More than a year since COVID-19 first emerged, there are still no proven effective treatments. While there are at least three widely approved COVID-19 vaccines already saving lives, clinicians and researchers have trialed and tested several drugs and therapies that initially seemed promising — including hydroxychloroquine and ivermectin — without any significant breakthroughs. Some treatments haven’t even worked at all.
But a new human antibody identified by Vancouver biotech company AbCellera is showing early positive results. Bamlanivimab was recently approved by Health Canada and the US Food and Drug Administration for interim emergency use for the treatment of COVID-19. Supported by CHÉOS research services, Dr. Greg Haljan, the head of critical care at Surrey Memorial Hospital, will be launching a clinical study within two months in the Fraser Health area to test its effectiveness.
Working overtime to get study running
The timeline for this $1–million study is extremely aggressive, according to the CHÉOS Biostatistics Program Head Dr. Hubert Wong. CHÉOS is providing support to the B-EPIC study, as it’s called. “Typically, all the work to set up a clinical trial takes place over a year or more, but for B-EPIC, it has to be done within a couple of months.”
The CHÉOS team has several people involved in B-EPIC, explains Erin Cherban, Chief Clinical Research Officer at CHÉOS. “The first part is getting project managers in place to actually operationalize the study. Then we have to finalize the budget with the study team, help set up a database for study data, get contracts signed. Essentially, we have to figure out all those little pieces, coordinate with the right partners and people, especially the health authority operational team who is running the treatment clinics, and make everything and everyone work together.”
Dr. Wong is helping with the design of the trial, which determines when and how many patients will receive bamlanivimab. He is also overseeing the analysis of the data. In addition, CHÉOS will provide oversight for the Data Safety Monitoring Committee, which will keep track of the safety of participants. It all adds up to hundreds, if not thousands, of hours of work.
Logistics of study are challenging
Dr. Haljan and his team are planning to recruit more than 500 people 65 years of age and older who have COVID-19, though with the upcoming vaccination schedule, the age limit may be lowered. Their hope is treatment with bamlanivimab, which is a one-hour intravenous infusion, will reduce the likelihood of developing severe disease and requiring hospital care.
The treatment locations have to be isolated from high-traffic areas as all the patients will be COVID-19 positive. Cherban says even organizing the logistics around that are challenging, but she adds, “Everyone who is involved in B-EPIC has jumped in and is really collaborative. Usually, it’s more competitive, but COVID-19 has everyone working together.”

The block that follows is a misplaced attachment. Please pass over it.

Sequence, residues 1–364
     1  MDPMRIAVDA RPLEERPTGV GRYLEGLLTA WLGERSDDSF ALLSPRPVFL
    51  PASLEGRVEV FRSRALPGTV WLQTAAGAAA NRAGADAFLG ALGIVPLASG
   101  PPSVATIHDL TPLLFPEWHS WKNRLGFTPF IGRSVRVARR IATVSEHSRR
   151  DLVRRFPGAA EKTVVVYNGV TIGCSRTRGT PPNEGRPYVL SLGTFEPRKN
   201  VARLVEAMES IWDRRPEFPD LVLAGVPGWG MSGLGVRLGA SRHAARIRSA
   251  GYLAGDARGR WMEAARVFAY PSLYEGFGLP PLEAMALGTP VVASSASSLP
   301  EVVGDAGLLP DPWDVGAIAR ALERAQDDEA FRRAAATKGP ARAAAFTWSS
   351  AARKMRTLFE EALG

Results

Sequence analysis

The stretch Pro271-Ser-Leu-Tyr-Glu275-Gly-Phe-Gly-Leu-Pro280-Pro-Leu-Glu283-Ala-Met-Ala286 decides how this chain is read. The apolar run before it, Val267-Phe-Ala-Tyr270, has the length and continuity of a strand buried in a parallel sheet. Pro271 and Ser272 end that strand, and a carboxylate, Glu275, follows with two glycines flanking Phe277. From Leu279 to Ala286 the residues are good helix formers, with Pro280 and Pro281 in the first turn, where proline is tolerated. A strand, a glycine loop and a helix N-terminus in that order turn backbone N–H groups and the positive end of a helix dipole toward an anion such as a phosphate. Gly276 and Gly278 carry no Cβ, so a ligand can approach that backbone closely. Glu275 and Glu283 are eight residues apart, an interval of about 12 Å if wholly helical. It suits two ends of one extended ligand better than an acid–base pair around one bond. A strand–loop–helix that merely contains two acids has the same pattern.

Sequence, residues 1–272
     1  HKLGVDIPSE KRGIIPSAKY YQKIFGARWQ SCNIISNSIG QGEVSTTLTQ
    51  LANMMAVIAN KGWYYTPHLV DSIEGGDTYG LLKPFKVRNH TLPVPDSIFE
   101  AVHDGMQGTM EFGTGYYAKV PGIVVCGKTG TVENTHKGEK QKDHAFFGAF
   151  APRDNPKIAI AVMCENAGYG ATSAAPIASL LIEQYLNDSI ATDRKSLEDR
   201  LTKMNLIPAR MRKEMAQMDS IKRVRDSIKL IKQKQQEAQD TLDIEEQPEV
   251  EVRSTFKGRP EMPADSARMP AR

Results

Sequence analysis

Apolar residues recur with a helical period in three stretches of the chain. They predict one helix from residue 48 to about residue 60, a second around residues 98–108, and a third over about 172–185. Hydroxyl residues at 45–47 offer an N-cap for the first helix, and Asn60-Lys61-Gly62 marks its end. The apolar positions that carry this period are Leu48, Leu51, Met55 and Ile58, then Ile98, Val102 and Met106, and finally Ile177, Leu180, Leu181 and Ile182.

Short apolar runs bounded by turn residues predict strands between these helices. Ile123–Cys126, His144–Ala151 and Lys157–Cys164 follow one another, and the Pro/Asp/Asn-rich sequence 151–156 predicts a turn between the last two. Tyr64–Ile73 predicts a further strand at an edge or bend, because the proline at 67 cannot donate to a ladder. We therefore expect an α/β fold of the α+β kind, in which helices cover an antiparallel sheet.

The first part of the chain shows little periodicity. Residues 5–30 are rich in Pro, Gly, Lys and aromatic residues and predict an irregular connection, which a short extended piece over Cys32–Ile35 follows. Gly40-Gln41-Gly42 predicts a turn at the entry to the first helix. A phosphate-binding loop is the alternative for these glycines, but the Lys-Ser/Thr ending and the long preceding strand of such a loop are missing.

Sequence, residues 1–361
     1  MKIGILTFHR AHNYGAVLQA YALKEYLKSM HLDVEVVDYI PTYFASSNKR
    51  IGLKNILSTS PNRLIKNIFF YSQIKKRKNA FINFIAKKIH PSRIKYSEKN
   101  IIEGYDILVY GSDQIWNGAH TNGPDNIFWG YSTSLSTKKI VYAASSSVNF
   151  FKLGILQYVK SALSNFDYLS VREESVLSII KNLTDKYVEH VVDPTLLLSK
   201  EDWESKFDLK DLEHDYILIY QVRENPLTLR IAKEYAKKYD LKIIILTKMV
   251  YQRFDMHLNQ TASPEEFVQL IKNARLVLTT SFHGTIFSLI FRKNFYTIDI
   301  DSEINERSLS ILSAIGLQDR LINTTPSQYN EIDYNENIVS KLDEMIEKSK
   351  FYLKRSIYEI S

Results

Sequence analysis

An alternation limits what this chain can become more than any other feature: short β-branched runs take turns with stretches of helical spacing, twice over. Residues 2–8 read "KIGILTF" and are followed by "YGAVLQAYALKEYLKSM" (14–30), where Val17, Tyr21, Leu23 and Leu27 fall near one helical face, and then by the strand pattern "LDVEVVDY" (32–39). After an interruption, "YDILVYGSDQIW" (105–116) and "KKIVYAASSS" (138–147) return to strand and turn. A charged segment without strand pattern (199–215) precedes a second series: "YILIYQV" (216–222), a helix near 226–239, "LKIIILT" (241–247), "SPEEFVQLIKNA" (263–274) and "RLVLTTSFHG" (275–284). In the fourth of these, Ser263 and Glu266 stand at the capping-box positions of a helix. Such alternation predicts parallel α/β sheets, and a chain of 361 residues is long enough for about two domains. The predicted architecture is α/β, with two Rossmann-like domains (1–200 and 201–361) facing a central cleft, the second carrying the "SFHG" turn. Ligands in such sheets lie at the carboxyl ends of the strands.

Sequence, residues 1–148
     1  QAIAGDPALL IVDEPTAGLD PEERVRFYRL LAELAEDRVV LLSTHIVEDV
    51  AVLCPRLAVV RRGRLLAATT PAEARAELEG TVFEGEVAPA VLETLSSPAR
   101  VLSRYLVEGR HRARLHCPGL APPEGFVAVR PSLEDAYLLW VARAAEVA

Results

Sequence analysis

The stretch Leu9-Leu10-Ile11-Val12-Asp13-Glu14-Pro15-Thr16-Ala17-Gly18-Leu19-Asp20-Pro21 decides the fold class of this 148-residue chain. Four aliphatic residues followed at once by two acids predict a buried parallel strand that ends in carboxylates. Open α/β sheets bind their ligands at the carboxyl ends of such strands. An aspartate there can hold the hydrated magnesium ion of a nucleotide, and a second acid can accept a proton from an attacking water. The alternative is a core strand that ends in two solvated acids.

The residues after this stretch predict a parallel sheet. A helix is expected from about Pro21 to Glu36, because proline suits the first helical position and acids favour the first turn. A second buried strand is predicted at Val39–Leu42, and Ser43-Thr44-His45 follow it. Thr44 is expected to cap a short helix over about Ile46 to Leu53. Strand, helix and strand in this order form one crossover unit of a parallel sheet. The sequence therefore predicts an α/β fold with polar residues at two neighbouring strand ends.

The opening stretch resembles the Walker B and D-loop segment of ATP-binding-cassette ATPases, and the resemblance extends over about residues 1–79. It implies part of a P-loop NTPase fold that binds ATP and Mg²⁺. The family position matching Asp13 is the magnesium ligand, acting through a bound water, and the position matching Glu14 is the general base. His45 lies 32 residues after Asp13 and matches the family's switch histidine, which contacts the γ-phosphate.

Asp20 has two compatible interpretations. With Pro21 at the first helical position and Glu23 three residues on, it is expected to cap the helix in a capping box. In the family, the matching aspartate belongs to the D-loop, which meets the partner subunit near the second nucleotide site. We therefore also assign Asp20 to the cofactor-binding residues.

Research in pandemic times rewarding
“It’s rewarding to be doing something that can make a big difference,” says Dr. Wong. “Many of the negative impacts of the pandemic are emotionally distressing because you feel helpless against stopping them.”
Cherban agrees, especially because of the personal impact of the pandemic on her family. Her husband has heart failure and is at high risk of serious illness, so their two sons haven’t returned to in-class learning to protect their father. They’ve been socially isolating at home for nearly a year now.
Cherban feels optimistic about this new drug, and also about the future of research post-pandemic. She says, “A lot of COVID-19 clinical trials have really pushed the envelope. They’ve shown that we can streamline a lot of the administrative procedures that have traditionally slowed down the pace of research. Every study we do now, including B-EPIC, is also a study of our regulations. I hope it’s the catalyst for permanent change in our world of research.”
More about Banlanivimab
(excerpted from AbCellera news release)
Bamlanivimab was developed from an antibody that was discovered from the blood of a recovered COVID-19 patient using AbCellera’s pandemic response platform, in partnership with the Vaccine Research Center (VRC) at National Institute of Allergy and Infectious Diseases (NIAID). Within one week of receiving the sample, AbCellera screened over five million antibody-producing cells to identify and isolate approximately 500 unique antibodies that bind to SARS-CoV-2, the virus that causes COVID-19. The binding antibodies were then tested by AbCellera, the VRC, and Eli Lilly and Company to find those most effective in neutralizing the virus – essentially blocking the virus from attaching and entering human cells. Bamlanivimab was selected as the lead candidate from this group of antibodies, and was the first therapeutic candidate specifically developed against SARS-CoV-2 to enter human clinical trials in North America.